IRISH HISTORIC TOWNS ATLAS No. 26: DUBLIN, Part III, 1756 to 1847

Published in Book Reviews, Issue 2 (March/April 2015), Reviews, Volume 23

DUBLIN III cover_high res ALT_FID_medROB GOODBODY
Royal Irish Academy in association with Dublin City Council
€30

ISBN 9781908996343

Reviewed by
Arnold Horner

Now in its fourth decade and operating under the auspices of the Royal Irish Academy, the Irish Historic Towns Atlas has produced a steady, impressive and quite distinctive flow of publications focusing on historical aspects of the built environment in selected Irish towns. The main approach has been to attempt an exploration of the development of the physical infrastructure of each town in forensic detail. In pursuing this objective, the long-time series editors, Anngret Simms, H.B. Clarke, Raymond Gillespie and Jacinta Prunty, together with the cartographic editor since 2000, Sarah Gearty, have exhibited remarkably enduring qualities of enthusiasm and tenacity.

Each atlas ‘fascicle’, or individual part, focuses on a single town or city and quite uncompromisingly follows the same format of an A3-size pack consisting of a text section complemented by a series of large-scale maps and other illustrations that come loose-leaf and which help elucidate the developing town. In the text section, an introductory essay providing a perspective on the main features of urban growth is followed by an extensive compendium of ‘topographical information’ arranged under some 22 headings (e.g. streets, manufacturing, services, etc.). As well as collating known pre-1900 references to buildings associated with a particular heading, the listing provides, in highly condensed form, information on the functional history of individual sites. In theory at least, the text section is a counterpoint to the suite of maps, which includes displays of the town as it was during the 1830s and at the present time, and which also features a selection of facsimiles and a recent large-scale vertical air photograph.

A highly laudable intention is to provide readers (or perhaps more properly viewers in this instance) with such a sufficient diversity of source material that, as well as being guided by the essay, they can do their own individual analyses. Very few other projects make source material available in such profusion, and also at such low cost. For recent fascicles a further enhancement has been to provide the material in CD as well as in paper format.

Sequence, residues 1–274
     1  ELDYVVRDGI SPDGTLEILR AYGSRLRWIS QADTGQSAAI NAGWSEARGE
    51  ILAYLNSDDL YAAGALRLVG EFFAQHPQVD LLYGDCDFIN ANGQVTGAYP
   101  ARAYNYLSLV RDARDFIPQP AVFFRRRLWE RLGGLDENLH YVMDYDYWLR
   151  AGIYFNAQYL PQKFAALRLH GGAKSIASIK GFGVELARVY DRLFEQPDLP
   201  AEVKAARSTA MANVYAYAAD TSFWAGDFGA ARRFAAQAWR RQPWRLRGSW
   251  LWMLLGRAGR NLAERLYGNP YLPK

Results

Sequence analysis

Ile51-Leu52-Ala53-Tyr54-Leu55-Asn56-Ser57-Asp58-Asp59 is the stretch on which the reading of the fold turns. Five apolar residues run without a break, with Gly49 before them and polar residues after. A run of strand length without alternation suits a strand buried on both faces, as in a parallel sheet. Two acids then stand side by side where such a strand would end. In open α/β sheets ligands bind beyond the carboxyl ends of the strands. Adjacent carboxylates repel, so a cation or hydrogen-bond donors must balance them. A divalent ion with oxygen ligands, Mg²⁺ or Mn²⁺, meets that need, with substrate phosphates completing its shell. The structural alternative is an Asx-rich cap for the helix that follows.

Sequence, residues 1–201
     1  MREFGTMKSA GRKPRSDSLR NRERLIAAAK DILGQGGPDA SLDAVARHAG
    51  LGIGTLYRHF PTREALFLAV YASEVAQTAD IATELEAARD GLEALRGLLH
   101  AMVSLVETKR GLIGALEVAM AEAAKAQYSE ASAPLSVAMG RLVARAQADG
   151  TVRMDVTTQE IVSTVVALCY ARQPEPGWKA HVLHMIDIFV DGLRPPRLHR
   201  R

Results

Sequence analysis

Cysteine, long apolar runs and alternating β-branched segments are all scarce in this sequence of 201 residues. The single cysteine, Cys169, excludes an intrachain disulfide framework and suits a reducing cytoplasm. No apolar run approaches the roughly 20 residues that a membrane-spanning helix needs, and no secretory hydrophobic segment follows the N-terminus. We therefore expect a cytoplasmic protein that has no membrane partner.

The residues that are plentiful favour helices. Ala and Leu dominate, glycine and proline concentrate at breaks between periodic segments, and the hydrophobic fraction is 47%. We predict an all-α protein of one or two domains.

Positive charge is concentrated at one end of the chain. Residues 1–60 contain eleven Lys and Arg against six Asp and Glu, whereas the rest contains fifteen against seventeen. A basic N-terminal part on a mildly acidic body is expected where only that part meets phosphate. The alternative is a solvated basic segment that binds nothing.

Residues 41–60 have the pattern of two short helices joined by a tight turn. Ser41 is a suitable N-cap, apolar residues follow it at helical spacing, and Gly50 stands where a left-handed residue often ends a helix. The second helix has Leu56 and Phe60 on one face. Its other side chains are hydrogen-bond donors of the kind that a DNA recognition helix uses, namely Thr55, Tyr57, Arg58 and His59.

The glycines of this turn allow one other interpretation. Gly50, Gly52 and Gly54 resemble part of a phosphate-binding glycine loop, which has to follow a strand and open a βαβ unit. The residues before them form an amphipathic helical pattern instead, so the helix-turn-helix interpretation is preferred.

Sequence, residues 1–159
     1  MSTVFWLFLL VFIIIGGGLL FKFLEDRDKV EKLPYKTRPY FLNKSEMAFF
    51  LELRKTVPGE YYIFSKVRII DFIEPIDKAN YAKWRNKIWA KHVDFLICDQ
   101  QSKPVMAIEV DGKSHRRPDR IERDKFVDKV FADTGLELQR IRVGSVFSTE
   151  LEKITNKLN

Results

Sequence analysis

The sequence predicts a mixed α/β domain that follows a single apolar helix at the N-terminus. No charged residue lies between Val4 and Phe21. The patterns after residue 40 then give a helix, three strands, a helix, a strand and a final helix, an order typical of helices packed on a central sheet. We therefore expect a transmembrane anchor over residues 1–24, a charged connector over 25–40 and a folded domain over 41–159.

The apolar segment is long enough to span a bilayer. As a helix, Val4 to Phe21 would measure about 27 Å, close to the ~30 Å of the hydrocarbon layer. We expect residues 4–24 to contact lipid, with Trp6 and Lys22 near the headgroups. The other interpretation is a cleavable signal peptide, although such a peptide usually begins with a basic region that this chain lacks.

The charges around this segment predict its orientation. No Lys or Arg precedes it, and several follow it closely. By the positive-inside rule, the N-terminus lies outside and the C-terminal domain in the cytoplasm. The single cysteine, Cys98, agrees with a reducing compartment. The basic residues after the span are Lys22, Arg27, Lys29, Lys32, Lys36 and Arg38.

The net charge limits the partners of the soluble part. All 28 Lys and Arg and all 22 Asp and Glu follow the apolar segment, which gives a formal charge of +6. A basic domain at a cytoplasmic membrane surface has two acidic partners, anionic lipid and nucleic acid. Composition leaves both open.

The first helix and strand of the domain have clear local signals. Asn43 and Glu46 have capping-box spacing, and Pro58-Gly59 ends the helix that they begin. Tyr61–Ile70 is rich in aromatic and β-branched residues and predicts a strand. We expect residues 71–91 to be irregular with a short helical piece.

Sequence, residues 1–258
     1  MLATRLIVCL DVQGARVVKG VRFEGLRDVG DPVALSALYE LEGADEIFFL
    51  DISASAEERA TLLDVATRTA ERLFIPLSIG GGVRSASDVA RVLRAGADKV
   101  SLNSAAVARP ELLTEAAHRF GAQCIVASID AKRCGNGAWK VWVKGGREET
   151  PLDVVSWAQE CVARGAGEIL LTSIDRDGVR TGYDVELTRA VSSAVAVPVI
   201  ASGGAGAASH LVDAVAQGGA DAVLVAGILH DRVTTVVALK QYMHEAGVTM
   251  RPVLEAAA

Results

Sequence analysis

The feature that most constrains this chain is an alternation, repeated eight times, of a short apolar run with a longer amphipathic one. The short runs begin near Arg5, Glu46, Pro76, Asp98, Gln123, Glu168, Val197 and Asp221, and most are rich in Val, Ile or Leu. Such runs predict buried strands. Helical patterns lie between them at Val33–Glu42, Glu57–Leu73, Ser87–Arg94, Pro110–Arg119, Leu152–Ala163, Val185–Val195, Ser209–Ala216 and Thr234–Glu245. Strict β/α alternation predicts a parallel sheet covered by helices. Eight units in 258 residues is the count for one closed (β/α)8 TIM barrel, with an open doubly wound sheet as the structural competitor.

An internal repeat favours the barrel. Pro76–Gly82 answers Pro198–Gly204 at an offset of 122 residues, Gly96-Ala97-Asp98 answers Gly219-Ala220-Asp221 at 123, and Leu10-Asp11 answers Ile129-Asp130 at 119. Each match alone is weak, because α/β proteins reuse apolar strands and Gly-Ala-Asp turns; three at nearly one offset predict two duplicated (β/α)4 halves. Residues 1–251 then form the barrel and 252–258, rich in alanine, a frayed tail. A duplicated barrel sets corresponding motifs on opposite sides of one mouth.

To date the project has published fascicles relating to over twenty places, ranging in size from small centres such as Carlingford, Kildare and Fethard to the large cities of Belfast and Dublin, both of which are treated by period in multiple fascicles. Dublin is consequently being explored in four periods: (I) to 1610, (II) 1610–1756, (III) 1756–1847 and (IV) 1847–1900. Fascicle No. 26, the latest to appear, deals with the third of these periods, the start and end dates of which respectively denote landmark events in the comprehensive mapping of the city: 1756 is when John Rocque produced a beautiful four-sheet map depicting Dublin with unprecedented accuracy and detail; 1847 (also, of course, the high point of the Great Famine) is when the Ordnance Survey of Ireland published their ‘five feet to one mile’ (1:1,056) plans representing the city in 33 sheets. The period is thus pivoted about the Act of Union and covers decades when the city grew rapidly, the period of ‘Georgian’ Dublin, as well as later phases of much slower development.

The transformation of Dublin—from Sugar-House Lane to D’Olier Street/Westmoreland Street and what is now O’Connell Bridge, showing the area in Rocque’s 1756 map (opposite page), the 1790 wide streets proposal (left) and the area in the 1840s (above).

The transformation of Dublin—from Sugar-House Lane to D’Olier Street/Westmoreland Street and what is now O’Connell Bridge, showing the area in Rocque’s 1756 map (opposite page), the 1790 wide streets proposal (left) and the area in the 1840s (above).

The compiler of this fascicle, Rob Goodbody, has faced a daunting and exceptionally demanding task. He and his helpers have made a huge effort to respond, recording almost 10,000 entries in the topographical information section and, in the process, producing invaluable listings of the institutions and activities in Dublin over the best part of a century. Taking just three entry cat-egories at random, here are recorded around 2,000 streets (including lanes and courts), some 90 dyeworks and over twenty Presbyterian churches. The listings are densely structured and, perhaps unavoidably, can be confusing. Whereas the streets are listed alphabetically, manufacturing activities (for example) are listed chronologically in order of their first recorded occurrence in the city. So it is possible for breeches manufactories to be followed by mathematical instrument manufactories, comb manufactories and dyeworks. Serious users will quickly appreciate the potential of the ‘fully searchable’ CD-ROM for locating references to particular places and to particular activities.